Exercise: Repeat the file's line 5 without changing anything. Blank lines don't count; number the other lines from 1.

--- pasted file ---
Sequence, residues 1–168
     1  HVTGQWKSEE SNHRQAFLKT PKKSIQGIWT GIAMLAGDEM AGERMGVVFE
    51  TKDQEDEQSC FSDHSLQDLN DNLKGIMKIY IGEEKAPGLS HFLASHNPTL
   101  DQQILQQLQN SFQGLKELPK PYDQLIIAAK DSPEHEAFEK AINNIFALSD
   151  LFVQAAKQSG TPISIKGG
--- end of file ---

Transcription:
   151  LFVQAAKQSG TPISIKGG